Recently, SA contributor David Van Knapp wrote an article that looked some different perspectives on "Quality" companies and the various ways the investment industry defines quality in a corporation. It is an excellent read, and I wanted to augment it with another perspective on quality that I sometimes use when choosing stocks.
If you read a lot of investor relations websites or press releases, you may notice that most companies include a "blurb" that is a basically a short sales pitch for potential investors in the company. Here's one for Aflac (NYSE:AFL):
When a policyholder gets sick or hurt, Aflac pays cash benefits fast. For nearly six decades, Aflac insurance policies have given policyholders the opportunity to focus on recovery, not financial stress. In the United States, Aflac is the leading provider of voluntary insurance at the worksite. In Japan, Aflac is the number one life insurance company in terms of individual policies in force. Aflac individual and group insurance products help provide protection to more than 50 million people worldwide. For eight consecutive years, Aflac has been recognized by Ethisphere magazine as one of the World's Most Ethical Companies. In 2014, FORTUNE magazine recognized Aflac as one of the 100 Best Companies to Work For in America for the 16th consecutive year. Also, in 2014, FORTUNE magazine included Aflac on its list of Most Admired Companies for the 13th time, ranking the company number one in the life and health insurance category. Aflac Incorporated is a FORTUNE 500 company listed on the New York Stock Exchange under the symbol AFL. To find out more about Aflac, visit aflac.com or espanol.aflac.com.
This description contains three different honors Aflac has received: one of the World's Most Ethical Companies; one of the 100 Best Companies to Work For in America, and one of the Most Admired Companies. Using this and other corporate pitches and press releases, I settled on seven different publicly available award categories (listed below), and tallied which publicly traded U.S. corporations had received the most awards. The list included:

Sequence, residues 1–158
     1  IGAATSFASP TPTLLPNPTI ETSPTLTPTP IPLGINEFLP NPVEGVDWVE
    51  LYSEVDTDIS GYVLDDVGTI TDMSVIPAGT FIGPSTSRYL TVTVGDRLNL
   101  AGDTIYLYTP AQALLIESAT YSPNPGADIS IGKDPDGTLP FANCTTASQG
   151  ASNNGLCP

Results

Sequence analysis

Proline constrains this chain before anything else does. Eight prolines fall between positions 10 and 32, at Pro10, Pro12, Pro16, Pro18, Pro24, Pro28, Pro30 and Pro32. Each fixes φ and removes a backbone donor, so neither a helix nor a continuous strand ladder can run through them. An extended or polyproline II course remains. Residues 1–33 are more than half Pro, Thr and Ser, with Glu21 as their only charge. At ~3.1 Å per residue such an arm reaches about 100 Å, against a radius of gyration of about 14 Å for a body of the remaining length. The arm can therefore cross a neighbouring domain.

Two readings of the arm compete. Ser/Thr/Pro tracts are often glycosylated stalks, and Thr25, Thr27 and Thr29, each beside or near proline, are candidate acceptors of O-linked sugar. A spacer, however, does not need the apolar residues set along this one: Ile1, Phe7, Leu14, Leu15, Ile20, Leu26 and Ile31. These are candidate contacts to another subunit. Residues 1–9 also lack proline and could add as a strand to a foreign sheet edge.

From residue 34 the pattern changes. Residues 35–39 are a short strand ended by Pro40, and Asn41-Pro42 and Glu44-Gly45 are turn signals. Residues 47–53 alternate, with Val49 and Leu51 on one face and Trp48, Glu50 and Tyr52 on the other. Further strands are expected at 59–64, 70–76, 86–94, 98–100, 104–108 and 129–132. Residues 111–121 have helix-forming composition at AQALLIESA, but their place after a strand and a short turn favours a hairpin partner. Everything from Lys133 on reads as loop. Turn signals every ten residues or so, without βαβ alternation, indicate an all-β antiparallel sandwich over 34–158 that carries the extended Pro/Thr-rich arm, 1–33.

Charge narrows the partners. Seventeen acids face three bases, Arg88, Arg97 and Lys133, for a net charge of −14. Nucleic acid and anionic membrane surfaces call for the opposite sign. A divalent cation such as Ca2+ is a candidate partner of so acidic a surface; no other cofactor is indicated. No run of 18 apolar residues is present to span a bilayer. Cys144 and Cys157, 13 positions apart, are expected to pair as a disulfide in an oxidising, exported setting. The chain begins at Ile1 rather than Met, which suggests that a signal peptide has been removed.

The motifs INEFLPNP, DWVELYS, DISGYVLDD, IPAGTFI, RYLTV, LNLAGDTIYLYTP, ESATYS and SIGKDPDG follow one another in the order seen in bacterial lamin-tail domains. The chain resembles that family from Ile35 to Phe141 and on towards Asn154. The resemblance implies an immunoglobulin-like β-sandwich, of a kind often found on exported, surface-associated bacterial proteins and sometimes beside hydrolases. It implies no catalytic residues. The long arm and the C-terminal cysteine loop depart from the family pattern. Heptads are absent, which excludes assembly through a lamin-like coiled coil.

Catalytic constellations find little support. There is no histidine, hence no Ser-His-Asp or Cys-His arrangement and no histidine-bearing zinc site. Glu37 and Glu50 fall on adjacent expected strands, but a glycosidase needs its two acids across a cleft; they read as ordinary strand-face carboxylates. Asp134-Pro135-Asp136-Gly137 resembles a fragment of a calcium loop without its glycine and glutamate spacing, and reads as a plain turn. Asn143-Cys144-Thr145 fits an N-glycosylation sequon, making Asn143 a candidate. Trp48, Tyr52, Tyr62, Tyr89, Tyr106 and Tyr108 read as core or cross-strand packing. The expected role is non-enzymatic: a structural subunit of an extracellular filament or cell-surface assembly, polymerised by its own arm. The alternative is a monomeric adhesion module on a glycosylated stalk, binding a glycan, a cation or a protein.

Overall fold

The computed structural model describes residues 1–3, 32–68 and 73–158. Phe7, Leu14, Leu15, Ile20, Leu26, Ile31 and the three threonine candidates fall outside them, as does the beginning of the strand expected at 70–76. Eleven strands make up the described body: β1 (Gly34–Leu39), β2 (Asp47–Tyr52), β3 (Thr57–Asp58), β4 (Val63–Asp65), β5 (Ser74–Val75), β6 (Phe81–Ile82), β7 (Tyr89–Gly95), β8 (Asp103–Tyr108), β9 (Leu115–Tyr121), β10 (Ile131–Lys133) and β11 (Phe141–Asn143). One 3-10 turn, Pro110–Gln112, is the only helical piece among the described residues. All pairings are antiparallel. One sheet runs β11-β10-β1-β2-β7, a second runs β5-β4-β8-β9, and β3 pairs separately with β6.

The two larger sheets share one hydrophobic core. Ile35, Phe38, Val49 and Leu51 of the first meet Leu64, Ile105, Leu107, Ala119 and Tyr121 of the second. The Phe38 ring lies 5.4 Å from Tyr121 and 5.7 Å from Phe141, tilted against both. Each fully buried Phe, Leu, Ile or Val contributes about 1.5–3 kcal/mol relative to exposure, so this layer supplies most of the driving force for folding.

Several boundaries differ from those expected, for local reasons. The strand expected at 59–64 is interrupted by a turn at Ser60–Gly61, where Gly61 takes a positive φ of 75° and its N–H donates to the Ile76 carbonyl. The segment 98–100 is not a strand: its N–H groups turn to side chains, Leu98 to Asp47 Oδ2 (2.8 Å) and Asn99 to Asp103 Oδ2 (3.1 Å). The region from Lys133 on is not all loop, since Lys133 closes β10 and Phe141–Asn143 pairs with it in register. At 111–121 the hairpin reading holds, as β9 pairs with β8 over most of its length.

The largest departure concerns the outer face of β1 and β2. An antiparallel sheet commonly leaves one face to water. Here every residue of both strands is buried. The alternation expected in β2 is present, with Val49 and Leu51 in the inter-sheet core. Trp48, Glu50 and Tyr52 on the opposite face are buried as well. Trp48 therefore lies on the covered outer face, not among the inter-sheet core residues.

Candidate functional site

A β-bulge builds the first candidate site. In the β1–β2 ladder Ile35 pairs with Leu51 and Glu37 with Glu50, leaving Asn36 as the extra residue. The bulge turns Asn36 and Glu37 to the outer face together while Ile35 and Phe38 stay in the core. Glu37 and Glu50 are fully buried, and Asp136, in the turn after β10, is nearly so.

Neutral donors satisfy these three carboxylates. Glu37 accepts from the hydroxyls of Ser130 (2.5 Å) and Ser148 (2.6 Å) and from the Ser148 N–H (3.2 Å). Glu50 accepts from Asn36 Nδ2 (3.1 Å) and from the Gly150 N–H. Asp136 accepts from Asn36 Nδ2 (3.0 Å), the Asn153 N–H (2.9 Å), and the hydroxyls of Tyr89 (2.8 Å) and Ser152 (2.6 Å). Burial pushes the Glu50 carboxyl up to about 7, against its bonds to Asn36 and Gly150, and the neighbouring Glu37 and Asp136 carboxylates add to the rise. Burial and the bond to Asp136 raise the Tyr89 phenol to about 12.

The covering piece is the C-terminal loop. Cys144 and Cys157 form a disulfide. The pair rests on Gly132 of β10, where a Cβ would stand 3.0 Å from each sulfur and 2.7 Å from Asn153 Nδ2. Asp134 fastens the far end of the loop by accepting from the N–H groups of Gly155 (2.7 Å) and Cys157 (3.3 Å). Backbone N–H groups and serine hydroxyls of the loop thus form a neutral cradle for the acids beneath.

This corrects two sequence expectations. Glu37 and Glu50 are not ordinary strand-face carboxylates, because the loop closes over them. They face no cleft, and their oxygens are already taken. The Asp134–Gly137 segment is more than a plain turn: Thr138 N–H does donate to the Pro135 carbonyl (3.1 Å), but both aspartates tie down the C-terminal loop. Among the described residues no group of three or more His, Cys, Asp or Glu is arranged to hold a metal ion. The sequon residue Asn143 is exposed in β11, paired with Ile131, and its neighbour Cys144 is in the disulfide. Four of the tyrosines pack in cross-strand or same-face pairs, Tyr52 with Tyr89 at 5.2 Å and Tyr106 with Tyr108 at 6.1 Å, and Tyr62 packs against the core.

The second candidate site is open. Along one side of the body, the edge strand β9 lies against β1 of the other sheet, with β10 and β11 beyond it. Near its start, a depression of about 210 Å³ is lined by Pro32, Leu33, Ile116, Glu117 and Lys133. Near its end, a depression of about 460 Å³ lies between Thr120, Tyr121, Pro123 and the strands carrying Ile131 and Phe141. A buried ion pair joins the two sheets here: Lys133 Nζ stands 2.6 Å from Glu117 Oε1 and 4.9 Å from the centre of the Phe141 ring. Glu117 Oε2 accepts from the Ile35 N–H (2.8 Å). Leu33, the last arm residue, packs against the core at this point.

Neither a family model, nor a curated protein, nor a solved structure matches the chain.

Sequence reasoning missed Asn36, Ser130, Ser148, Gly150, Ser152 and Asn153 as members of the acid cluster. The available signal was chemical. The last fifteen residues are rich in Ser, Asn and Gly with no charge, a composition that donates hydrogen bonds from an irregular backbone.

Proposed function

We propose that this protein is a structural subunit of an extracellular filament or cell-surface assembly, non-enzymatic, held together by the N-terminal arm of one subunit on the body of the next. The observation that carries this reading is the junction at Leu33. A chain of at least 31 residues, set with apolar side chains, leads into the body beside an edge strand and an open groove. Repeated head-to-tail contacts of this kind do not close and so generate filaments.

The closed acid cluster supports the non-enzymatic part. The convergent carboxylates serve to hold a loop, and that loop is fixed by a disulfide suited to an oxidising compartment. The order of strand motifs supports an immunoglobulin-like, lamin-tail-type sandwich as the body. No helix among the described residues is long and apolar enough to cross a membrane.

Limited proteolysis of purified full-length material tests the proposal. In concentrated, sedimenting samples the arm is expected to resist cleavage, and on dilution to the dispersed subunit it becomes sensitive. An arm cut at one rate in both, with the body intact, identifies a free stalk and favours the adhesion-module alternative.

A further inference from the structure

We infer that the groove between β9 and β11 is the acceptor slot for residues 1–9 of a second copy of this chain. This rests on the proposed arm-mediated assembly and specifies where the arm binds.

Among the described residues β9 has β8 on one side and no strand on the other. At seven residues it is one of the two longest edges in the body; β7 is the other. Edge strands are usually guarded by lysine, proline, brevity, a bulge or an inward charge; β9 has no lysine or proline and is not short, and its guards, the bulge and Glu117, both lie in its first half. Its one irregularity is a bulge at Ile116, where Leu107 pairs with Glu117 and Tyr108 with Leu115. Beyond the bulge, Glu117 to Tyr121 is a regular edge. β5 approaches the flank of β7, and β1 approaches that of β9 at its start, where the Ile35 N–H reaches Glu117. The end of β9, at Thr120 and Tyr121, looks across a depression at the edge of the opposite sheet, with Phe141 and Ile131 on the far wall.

- FORTUNE's 100 Best Companies to Work For (abbreviated F100)
- ComputerWorld's 100 Best Places to Work in IT (CWIT)
- Glassdoor's 50 Best Places to Work (GD50)
- Corporate Knights' Global 100 Index (G100)
- Corporate Responsibility Magazine's 100 Best Corporate Citizens (CRO)
- The Ethisphere Institute's World's Most Ethical Companies list (WME)
- FORTUNE's World's Most Admired Companies list (WMA)
The four categories with "100" in their title have, predictably, 100 companies on their lists, although not all 100 are always public. GD50 and WMA both have 50 companies. The WME list does not have a set number of constituents. Below are the 60 companies that received 10 or more honors in the last five years. To read the table, the columns represent the different awards/years, the rows are the companies, and the number is that company's rank. So, Intel's row has a "98" in the F100 '10 column, which means Intel (NASDAQ:INTC) was ranked number 98 on the 100 Best Companies to Work for in 2010. A blank means the company did not make that particular list in a given year. The WME list is unranked - an X indicates inclusion on the list, and blank indicates non-inclusion.
Although the ranks are included in the table, I just tallied the awards without regard to ranking. The top five are Intel with 27, General Mills (NYSE:GIS) with 24, Cisco (NASDAQ:CSCO) and Starbucks (NASDAQ:SBUX) with 22 each, and Accenture (NYSE:ACN) with 21. For the three categories that relate to being the best place to work, Qualcomm (NASDAQ:QCOM) received 15 honors. For the other four that relate to sustainability, ethics, citizenship and admiration, General Electric (NYSE:GE) was the leader with 18.